“Oversight in this kind of system — where the board is appointed by a body with no regulatory authority, in a process closed to school employees, families and the community as a whole — is more than a little messed up. It is completely unaccountable, open to all kinds of corruption and anti-democratic, not to mention a lousy use of resources.”
The document, set by the chamber’s advocacy and policy committee, adds opioid and substance abuse prevention to the docket for the first time. Affordable housing and expanded transit options throughout the Asheville metro region also made the cut, while Medicaid restructuring and the Interstate 26 Connector Project were both removed from last year’s list.
As the Democratic Party retook control of the U.S. House of Representatives in the 2018 midterm elections, Buncombe Dems managed to hold onto a few key positions in local elections — perhaps most notably that of county sheriff. Politics also seeped into the Board of Commissioners race, where Republicans fell short in their bid to flip the party composition of the board.
Norm Bossert Democrat Website: Norm4NC.com Occupation: Retired educator Previous candidacy or offices held: Ran for state Senate in 2016; ran for state House 2014; ran for Transylvania County school board on two occasions Key endorsements: N.C. Association of Educators, Planned Parenthood, AFL-CIO, Equality North Carolina Amount of money raised: As of Sept. 8, +/- $47,000 Top three donors: Audrey Stelloh; Carter […]
Four candidates, including three Democrats in contested races, showed up to the event. Their three Republican opponents — Senate incumbent Chuck Edwards, House candidate Marilyn Brown and Commissioner Robert Pressley — didn’t appear. According to League policy, candidates without an opponent present are limited to a two-minute opening statement.
In November, North Carolina voters will choose whether to add the right to hunt, fish and harvest wildlife to their constitution. If the amendment passes, the state will join 21 others, including all of the South save Florida, Maryland and West Virginia, in explicitly affirming this right.
Asheville voters will be asked to weigh in on a state plan to create election districts for seats on City Council via a ballot question in this year’s Nov. 7 general election.
At a meeting of the Council of Independent Business Owners on July 14, Sen. Chuck Edwards, Rep. Brian Turner and Asheville Mayor Esther Manheimer briefed the crowd on issues including the state economy, taxes, judicial matters, education, Asheville district elections and the River Arts District Transportation Improvement Project. Edwards also used the forum to complain about bias in local media coverage.
Sen. Chuck Edwards of Hendersonville explains some of the considerations that led him to introduce a bill that would compel Asheville to institute district elections for seats on its City Council. And Asheville Mayor Esther Manheimer lays out the reasons the city plans to follow a “parallel process” that may include a referendum on the issue, despite Raleigh’s insistence that the city knuckle under by Nov. 1.
Asheville voters may face an up or down vote on the city district elections plan making its way through the N.C. General Assembly. City Council accepted the advice of City Attorney Robin Currin to hold a referendum on establishing six districts for seats on the council versus the city’s current at-large election system in November.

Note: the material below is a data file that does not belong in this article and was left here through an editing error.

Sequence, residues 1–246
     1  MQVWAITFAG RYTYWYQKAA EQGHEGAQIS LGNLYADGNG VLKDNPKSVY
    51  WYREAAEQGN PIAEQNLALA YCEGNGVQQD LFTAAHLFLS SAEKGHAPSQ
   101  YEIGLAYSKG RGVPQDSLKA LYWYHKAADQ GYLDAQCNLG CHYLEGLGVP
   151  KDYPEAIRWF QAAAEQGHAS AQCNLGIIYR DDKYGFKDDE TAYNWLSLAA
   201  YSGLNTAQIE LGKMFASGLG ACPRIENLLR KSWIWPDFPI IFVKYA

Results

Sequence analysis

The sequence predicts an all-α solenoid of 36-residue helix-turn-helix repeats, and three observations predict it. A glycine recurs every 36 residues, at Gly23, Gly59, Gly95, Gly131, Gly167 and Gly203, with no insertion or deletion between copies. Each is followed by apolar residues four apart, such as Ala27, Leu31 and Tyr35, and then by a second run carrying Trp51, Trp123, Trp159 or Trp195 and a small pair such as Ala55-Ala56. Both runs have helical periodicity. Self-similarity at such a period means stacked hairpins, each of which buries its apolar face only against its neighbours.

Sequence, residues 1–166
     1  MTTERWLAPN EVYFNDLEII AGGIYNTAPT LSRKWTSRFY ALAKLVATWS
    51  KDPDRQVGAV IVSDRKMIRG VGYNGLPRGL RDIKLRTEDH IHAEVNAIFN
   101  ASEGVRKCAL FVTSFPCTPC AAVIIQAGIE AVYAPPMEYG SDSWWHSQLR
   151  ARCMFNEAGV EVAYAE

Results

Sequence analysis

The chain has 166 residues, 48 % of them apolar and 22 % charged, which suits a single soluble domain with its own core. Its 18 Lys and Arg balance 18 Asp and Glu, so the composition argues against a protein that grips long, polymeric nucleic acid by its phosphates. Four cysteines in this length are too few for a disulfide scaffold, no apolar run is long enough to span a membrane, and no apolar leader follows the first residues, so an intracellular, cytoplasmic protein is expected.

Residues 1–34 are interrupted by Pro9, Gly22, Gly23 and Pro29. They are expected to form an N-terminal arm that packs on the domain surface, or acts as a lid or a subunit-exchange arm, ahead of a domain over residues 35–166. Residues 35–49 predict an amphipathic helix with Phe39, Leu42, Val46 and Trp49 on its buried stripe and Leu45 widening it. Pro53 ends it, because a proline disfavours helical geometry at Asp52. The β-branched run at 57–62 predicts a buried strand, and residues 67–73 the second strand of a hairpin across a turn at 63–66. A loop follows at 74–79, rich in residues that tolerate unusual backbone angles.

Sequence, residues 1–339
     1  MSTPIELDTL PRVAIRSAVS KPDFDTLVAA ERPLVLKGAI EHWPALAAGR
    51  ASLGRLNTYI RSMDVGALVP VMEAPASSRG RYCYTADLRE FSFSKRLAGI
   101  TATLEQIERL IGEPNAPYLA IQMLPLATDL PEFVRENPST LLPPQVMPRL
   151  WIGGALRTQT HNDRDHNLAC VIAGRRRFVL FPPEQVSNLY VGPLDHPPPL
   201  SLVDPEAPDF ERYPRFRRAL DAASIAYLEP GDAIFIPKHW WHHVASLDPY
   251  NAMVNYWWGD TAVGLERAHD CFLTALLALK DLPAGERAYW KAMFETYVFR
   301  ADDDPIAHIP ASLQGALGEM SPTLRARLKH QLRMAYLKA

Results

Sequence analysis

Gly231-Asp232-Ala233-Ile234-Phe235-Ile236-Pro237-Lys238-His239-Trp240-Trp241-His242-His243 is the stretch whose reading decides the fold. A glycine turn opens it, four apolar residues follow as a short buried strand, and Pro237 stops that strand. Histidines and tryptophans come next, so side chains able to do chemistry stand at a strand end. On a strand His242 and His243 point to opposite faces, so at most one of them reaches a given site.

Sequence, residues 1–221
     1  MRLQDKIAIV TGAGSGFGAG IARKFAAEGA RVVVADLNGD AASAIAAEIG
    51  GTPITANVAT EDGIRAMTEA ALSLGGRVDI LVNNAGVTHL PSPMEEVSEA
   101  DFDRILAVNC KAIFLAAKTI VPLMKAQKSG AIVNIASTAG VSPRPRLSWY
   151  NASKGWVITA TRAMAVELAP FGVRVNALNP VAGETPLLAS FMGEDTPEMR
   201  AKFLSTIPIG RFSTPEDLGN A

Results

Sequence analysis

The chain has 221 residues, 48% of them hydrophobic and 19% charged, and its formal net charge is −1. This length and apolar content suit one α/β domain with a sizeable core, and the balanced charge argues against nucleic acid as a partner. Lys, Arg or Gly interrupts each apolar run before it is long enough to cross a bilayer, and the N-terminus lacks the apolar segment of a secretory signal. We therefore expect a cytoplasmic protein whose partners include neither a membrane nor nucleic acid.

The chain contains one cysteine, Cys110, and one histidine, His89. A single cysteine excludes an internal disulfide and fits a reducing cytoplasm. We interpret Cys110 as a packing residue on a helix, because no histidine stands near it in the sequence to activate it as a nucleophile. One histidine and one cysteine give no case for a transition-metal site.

“People contacted [former Sen. Tom] Apodaca initially, and now Mr. Edwards, because they no longer expect those who destroy their quality of life to have any interest in restoring it. We’ve seen this before during City Council’s forced annexation crusade.”
Asheville City Council will consider the results of a poll that show 54 percent of city voters support keeping elections for the Council as they are now — and the same percentage would vote yes to change them if asked by a referendum. Council meets at 5 p.m. on Tuesday, April 11 at 5 p.m. At 3 p.m., Council will hold its final work session dedicated to the 2017-18 fiscal year budget.
City Council moved ahead with plans to poll city voters on whether or not they’d like to see districts put in place for seats on the Council. Three new members of the city’s school Board of Education were appointed, and the issue of homestays in accessory dwelling units returned to the Council chamber.
After seven terms, Sen. Tom Apodaca has resigned from the North Carolina Senate. Democrat Norm Bossert and Republican Chuck Edwards (appointed to finish Apodaca’s term) outline their thoughts on HB2, job creation, district-based City Council elections and more.
Election Day is Tuesday, Nov. 8, and early voting runs through Nov. 5. Below you will find questionnaires from candidates at the federal, state and local levels. You can also find our federal and state election coverage in the current, Oct. 26, issue and our county election coverage in the upcoming Nov. 3 issue. For […]
There are two ways to view Xpress’ Q&A with the candidates: Either click the candidates’ picture to see a text version of their answers or click the grid below. No incumbent, Chuck Edwards was appointed to finish Sen. Tom Apodaca’s term. Norm Bossert, Democrat Chuck Edwards, Republican
Chuck Edwards, Republican (Appointed to finish Sen. Apodaca’s term) Chuckedwardsnc.com Place of residence: Flat Rock Occupation: Small-business owner Political experience: Never before run for office Endorsements: National Federation of Independent Business; N.C. Chamber of Commerce; former Sen. Tom Apodaca; Jeff Miller; National Rifle Association Amount of money raised: Please refer to avl.mx/32q Top three donors […]